A German man opposed to hunting on ethical grounds but who–under German law–was forced to allow hunting on his land, took his case to the European Court of Human Rights…and won.

From this story on the German news site Deutsche Welle:
Gunter Herrmann lives in Stutensee and owns two plots of land in Rhineland-Palatinate that are smaller than 75 hectares. As a result, under the Federal Hunting Law, he is automatically a member of the Langsur hunting association and has to tolerate hunting on his premises. However, Herrmann is opposed to hunting on ethical grounds. So he filed a request with the hunting authority to terminate his membership of the association.

It was refused. So he took his case to court, arguing that the obligation to tolerate hunting violated his right to the peaceful enjoyment of his possessions. The case reached the European Court of Human Rights in February 2007.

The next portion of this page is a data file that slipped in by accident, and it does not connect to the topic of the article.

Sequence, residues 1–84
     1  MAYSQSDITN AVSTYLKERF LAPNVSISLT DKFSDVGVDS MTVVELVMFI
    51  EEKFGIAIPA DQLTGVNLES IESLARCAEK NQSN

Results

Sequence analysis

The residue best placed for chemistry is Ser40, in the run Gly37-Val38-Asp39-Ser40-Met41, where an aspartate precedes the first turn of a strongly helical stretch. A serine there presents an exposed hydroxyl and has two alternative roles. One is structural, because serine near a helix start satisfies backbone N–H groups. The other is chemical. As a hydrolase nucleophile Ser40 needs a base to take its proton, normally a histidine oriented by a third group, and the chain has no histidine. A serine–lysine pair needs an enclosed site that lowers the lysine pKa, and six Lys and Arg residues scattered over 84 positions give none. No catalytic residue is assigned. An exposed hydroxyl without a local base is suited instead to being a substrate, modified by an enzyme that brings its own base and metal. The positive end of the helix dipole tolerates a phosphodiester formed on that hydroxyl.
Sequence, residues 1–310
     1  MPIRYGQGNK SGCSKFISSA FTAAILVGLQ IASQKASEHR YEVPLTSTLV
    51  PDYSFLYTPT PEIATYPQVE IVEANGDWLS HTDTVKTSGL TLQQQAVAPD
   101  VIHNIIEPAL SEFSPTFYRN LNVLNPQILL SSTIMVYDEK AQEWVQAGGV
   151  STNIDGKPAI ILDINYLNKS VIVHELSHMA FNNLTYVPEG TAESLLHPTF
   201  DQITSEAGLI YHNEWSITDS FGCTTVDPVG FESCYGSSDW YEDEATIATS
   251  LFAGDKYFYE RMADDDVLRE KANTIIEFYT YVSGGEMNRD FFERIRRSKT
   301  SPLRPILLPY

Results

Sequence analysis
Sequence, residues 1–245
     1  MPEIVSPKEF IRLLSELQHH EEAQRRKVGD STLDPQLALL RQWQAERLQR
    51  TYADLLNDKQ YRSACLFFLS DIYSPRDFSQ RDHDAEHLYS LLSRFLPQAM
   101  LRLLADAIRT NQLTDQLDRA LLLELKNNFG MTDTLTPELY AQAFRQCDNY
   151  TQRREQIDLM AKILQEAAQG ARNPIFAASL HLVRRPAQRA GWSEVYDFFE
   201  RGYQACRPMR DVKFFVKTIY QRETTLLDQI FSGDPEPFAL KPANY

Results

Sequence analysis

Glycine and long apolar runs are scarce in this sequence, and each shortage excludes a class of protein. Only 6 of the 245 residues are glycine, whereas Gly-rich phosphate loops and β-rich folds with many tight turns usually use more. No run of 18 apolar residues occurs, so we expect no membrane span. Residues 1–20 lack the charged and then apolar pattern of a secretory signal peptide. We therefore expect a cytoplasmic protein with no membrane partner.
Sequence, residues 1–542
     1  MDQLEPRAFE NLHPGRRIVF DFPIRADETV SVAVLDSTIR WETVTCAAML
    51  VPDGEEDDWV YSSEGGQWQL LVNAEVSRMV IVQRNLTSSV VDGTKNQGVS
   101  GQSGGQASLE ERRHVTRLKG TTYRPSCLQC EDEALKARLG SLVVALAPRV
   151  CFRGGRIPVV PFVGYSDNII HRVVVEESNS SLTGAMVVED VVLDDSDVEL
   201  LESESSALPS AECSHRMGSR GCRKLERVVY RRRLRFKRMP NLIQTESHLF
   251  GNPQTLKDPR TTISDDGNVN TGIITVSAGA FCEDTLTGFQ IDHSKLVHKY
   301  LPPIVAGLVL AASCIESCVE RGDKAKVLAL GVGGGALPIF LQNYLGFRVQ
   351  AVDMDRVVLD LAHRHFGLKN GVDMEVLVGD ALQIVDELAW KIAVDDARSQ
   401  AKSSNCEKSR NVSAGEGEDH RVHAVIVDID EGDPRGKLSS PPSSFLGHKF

According to the story, judges ruled that an obligation to tolerate hunting on property you own imposed a “disproportionate burden” on landowners opposed to hunting on ethical grounds.

It’s a pretty fascinating case that intersects both hunting laws and private property rights. Maybe those of you familiar with German hunting laws could fill us in, but I had no idea that landowners in Germany were compelled to allow hunting on their property.

What do you think of the ruling? Does your belief in an individual’s private property rights trump the collective hunting rights of the people, or does such a ruling further weaken the underpinnings of a nation’s hunting culture? Sticky wicket, eh?